“Searching for Von Honningsbergs” by Rowena Wiseman is a travel novel, a journey through time and space but also through personal growth and development. The first person narrator, an unappreciated art gallery employee named Lawson, is clearly not the same person depicted in the novel as the one who is telling the story. Years have passed, and the events related have had a major impact on him. He tells the story on two simultaneous tracks – the linear track of things as they happened, and the series of paintings he has created based on those events. As we move from one place to another, from Australia to Ukraine to Siberia to China to Brazil and back again to China, and as we meet important characters along the way, these places and people become the subject of the paintings described to us. But the art came after, and we discover that Lawson himself only began to learn to become an artist later in the book. The tale hangs on the framework of an assignment to travel about and collect some important “lost” works of a world-famous painter, Von Honningsberg, but that artist’s work is far less interesting and important than the narrator’s own.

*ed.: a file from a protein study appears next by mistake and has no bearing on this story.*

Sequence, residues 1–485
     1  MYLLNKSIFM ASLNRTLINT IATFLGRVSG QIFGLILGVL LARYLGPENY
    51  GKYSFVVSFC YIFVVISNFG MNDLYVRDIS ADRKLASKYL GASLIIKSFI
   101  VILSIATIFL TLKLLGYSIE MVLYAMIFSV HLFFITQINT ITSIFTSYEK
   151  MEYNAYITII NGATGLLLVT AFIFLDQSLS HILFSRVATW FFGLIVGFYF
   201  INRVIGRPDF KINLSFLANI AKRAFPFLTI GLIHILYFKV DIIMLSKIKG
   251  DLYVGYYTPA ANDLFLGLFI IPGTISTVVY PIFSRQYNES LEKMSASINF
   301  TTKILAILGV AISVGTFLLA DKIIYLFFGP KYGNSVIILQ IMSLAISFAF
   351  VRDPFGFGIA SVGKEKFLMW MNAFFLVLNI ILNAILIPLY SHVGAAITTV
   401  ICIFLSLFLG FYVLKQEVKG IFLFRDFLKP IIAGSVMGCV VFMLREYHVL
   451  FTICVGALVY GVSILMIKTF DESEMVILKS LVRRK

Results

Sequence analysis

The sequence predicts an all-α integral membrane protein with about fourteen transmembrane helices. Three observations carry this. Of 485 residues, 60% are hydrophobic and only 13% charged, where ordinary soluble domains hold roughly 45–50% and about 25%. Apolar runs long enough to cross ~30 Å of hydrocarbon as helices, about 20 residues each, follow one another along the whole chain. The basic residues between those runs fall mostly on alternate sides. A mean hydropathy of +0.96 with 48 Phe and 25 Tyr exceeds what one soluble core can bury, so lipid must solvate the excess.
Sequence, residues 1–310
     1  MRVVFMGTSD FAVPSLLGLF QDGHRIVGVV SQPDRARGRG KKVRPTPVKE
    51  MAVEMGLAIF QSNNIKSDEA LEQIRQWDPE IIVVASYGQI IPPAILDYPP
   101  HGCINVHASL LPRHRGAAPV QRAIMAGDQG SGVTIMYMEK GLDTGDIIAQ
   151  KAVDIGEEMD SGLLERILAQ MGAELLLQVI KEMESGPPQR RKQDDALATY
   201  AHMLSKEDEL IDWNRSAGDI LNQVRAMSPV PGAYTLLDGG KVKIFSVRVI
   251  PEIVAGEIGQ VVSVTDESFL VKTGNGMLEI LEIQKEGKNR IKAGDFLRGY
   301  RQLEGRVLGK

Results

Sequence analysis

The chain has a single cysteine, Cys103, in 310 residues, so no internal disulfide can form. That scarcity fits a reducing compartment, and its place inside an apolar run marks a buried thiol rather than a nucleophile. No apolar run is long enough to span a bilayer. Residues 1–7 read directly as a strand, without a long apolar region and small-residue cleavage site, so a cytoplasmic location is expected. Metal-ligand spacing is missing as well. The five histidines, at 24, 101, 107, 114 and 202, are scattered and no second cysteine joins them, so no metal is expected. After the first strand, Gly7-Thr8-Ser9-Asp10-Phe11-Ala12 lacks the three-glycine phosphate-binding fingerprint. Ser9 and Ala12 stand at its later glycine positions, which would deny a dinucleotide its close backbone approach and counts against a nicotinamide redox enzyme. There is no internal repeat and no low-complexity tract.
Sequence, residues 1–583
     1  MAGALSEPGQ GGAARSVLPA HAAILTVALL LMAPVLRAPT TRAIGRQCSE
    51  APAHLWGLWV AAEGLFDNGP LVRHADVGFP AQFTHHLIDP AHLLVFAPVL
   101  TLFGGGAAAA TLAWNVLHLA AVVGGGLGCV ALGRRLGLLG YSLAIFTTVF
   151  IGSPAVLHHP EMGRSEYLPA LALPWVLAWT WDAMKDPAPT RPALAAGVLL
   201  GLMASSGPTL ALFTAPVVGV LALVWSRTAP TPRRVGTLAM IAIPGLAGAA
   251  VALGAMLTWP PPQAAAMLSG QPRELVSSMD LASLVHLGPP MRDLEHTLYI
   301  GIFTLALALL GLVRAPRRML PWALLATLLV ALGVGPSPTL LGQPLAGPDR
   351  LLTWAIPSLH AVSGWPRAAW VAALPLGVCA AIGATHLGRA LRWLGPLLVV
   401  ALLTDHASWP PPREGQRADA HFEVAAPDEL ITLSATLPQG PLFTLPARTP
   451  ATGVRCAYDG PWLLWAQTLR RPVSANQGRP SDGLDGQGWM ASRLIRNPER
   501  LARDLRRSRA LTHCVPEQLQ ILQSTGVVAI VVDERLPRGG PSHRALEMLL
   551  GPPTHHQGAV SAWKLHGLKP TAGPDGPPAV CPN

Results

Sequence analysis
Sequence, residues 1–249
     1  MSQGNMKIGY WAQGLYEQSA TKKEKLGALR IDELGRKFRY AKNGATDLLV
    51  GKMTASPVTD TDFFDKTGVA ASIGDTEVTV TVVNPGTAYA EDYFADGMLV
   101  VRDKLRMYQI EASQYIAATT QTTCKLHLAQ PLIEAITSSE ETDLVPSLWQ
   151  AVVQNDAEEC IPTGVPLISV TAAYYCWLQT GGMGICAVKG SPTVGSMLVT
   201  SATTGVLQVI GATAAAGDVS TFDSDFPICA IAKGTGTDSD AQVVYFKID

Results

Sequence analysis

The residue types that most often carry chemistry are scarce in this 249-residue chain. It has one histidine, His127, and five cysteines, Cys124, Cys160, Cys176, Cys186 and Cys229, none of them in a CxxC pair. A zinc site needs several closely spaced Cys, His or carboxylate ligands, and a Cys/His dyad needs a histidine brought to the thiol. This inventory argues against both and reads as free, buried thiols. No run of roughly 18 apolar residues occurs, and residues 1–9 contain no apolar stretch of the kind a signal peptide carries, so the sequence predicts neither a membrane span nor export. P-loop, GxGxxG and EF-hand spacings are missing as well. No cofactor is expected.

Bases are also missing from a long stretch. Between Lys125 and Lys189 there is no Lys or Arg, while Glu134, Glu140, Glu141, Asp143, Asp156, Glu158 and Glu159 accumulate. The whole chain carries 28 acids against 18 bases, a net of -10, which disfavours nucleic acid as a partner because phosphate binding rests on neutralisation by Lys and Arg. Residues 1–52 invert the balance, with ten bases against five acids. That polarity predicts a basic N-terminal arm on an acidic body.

Lawson’s paintings do not so much depict the people and places themselves as their personal meaning to Lawson, and this relates to a central theme throughout the book. Indeed, the novel begins with a lecture from Lawson to an art gallery manager about the superficiality of the labels you see alongside paintings in galleries. These texts cannot tell us what the painting meant to the artist, only the dates and names and some generalized academic themes, which miss the point entirely, according to Lawson. Art IS personal meaning or else it is nothing more than illustration, mere appearances. The deceptive nature of surface impressions is also a strong theme throughout. Again and again Lawson characterizes the people he meets from his first impression, and only later discovers his error. The “fire dancer” is not at all a fire dancer. She only happened to be doing that one day. The Ukrainian in Siberian seems to be quite a disloyal person, a thief who ran in the night, then later seems the opposite, extremely loyal to certain objects, persons and feelings, only to turn around again. He is not what he appears, nor is anyone, really. The people who seem crazy and dangerous in China turn out to have very good reasons for their rage and anguish. The character Lawson is like a child drifting through these events, but the narrator Lawson has delved deeper and seen farther. We take some of these lessons with us when we read this exceptional book.
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